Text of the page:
May 01, 2005

Beltane : Excerpts from a Journal.

This will be my last post for approximately two weeks. When I return, I will officially be a college graduate, and I'll be writing to you from my new iMac computer in my new apartment in Pittsburgh! I wanted to leave you with merry May Day wishes and a series of excerpts from my spirit journal that I began writing last summer as part of my creative writing work. I hope you enjoy! Until we meet again...

Intention: to keep a journal of questions and ideas regarding the religious and the spiritual, to focus my meditations and also to fuel my writing. To begin to understand that relationship.

Last night I realized, upon remembering a particular event in my childhood, that I had never recorded it or told it to anyone--just how much of my life is known only to me. Just how many random bits and moments exist only in my mind and nowhere else. And when I die they will cease to exist altogether. Which makes me wonder of what significance they are in the first place. Do things that are unremembered or even unobserved have some spiritual significance, or are things in our lives only important because we are conscious of them? Remembering this question today, I realize that I've forgotten which childhood event it was that spurred it.

What does it mean that the Word became flesh? I'm used to thinking of words as less than the realities they represent--as mere inadequate replacements. True, poems are unique entities of words that are somehow in themselves new and beautiful things; not merely flat replacements for an absent reality, but a new reality itself for which words are the medium just as our normal realities are mediated through touch and sight and sound... But what does it mean to say that the Word became flesh, that some eternal Word became a walking man on earth in historical time? Does that mean the man was somehow less than the Word? Or that there is something which is transcendent and present in both, despite the change in medium? I've read mostly that this means the nature of God, from the beginning, was always self-revelatory and self-communicating, and that is what it means to say "in the beginning was the Word and the Word was God and the Word was with God"... because words are how we communicate with one another, as well as being fundamentally and importantly symbolic the way few other things are. But that seems too simple.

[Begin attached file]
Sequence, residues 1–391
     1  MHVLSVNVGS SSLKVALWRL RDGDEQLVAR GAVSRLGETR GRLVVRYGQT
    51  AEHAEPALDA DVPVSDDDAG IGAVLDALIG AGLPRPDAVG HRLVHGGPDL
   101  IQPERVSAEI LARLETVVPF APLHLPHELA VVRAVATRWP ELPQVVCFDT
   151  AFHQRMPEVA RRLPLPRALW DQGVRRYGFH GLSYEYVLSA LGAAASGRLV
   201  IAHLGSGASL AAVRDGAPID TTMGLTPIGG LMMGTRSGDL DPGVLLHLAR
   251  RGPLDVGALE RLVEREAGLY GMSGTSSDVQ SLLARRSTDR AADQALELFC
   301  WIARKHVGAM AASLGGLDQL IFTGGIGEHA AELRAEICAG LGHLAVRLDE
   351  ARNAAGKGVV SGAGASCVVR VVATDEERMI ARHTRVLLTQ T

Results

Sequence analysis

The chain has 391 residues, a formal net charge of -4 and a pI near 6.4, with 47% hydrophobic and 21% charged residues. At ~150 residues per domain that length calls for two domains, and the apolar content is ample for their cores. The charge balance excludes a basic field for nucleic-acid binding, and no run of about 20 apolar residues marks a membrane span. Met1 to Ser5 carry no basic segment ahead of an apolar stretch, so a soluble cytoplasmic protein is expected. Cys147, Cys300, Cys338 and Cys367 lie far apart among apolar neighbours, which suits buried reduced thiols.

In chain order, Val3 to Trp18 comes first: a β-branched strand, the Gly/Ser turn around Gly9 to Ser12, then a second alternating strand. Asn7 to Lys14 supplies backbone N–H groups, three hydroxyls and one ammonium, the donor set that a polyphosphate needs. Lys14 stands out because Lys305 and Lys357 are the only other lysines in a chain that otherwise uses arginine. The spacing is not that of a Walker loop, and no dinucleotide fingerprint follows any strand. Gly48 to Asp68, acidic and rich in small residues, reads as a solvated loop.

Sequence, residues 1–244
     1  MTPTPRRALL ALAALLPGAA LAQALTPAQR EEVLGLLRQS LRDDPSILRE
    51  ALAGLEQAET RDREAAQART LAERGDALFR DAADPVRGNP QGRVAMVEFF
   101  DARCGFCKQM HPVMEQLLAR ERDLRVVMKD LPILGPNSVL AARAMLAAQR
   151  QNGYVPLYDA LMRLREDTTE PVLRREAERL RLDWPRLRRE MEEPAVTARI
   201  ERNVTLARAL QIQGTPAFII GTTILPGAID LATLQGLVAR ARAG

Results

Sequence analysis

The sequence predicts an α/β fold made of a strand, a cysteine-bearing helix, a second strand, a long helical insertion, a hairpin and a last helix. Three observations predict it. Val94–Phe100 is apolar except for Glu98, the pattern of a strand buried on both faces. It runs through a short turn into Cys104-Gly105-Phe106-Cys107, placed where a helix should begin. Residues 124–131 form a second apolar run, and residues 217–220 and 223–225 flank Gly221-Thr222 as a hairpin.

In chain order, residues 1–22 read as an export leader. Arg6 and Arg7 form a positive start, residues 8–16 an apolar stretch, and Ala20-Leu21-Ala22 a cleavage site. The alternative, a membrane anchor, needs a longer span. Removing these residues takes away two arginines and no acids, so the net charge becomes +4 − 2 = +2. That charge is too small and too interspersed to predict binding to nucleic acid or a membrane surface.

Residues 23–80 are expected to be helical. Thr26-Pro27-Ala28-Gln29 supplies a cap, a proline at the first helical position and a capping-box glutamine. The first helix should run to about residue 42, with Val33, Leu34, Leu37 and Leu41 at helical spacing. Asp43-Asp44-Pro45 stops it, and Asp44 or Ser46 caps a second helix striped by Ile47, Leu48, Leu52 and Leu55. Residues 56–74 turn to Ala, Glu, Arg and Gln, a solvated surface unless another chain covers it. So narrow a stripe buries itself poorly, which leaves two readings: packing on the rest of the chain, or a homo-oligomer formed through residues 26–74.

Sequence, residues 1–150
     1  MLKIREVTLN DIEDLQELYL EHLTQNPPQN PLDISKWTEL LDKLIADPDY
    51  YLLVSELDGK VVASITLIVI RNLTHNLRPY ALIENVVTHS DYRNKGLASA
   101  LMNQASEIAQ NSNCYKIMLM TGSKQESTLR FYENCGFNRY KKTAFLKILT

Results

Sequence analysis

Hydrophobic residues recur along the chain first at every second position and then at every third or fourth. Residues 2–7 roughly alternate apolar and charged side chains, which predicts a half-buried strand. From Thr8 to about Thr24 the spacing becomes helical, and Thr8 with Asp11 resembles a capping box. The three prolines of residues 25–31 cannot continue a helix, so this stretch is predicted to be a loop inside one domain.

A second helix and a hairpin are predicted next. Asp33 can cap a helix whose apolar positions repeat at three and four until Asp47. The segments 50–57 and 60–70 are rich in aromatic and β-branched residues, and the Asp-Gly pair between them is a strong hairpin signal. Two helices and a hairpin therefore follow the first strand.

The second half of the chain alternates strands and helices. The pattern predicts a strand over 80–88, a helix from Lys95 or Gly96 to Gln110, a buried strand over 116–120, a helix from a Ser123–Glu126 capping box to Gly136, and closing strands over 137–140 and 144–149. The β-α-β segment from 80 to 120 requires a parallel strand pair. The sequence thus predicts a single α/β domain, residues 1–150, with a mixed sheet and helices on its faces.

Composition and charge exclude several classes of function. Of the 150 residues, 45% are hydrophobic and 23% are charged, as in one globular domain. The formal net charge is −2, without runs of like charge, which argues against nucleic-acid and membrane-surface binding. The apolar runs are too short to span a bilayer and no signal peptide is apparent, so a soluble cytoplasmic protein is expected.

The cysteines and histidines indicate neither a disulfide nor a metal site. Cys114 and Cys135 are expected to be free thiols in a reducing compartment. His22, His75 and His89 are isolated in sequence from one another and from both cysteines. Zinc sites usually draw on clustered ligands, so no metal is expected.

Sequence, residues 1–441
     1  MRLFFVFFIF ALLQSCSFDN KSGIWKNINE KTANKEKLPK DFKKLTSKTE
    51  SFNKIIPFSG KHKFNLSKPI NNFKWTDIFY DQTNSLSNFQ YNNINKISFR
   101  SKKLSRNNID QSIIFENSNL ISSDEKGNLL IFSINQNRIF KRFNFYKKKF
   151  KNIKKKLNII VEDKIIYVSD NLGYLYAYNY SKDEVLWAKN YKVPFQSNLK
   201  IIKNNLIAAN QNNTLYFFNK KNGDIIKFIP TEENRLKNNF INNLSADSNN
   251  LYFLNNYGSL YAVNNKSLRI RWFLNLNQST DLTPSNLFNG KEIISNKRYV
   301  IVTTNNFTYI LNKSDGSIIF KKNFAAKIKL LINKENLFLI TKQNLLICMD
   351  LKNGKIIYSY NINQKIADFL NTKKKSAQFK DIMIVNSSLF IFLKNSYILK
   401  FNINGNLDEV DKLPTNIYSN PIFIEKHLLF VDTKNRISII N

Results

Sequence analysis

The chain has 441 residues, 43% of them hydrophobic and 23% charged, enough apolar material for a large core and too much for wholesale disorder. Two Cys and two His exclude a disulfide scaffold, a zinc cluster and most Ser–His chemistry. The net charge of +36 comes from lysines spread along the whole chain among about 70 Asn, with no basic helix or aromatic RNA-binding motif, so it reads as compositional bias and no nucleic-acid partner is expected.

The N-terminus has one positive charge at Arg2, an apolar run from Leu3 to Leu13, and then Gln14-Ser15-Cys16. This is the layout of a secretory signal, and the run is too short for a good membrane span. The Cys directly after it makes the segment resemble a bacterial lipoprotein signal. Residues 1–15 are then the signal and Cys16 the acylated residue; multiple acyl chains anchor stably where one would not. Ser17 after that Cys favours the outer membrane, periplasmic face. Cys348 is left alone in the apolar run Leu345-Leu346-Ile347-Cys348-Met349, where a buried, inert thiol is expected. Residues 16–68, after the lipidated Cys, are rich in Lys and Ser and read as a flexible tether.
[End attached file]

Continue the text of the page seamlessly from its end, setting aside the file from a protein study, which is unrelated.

Word became flesh--Jesus was born--so that he would die, I know that much, it would seem. What I don't understand is how I am supposed to be a religious person now. The Word became present so that we would be "saved" by its absence? But then, if it is eternal, not only is it not absent now, but it was never not-present to begin with... Jesus is the self-revelation of God in human form--but he is dead now, and now all we have are words, which is what we had to begin with. Am I supposed to believe that if Jesus had never been born, no amount of words would be enough? How are words enough now? Experience, a relationship with God--is it only possible because of Jesus? What about before he was born? If the Word is eternal, then God has always been self-revelatory, and thus a relationship with God has always been possible...